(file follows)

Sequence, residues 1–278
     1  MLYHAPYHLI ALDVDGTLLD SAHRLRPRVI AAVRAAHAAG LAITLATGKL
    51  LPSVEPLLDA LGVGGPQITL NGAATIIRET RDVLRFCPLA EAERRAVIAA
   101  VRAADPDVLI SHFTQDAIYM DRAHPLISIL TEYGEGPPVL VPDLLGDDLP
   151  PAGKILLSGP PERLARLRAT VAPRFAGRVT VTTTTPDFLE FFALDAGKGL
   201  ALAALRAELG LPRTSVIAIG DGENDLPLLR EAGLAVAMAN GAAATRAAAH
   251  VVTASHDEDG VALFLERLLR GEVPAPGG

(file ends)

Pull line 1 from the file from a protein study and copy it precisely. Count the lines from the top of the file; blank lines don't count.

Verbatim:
Sequence, residues 1–278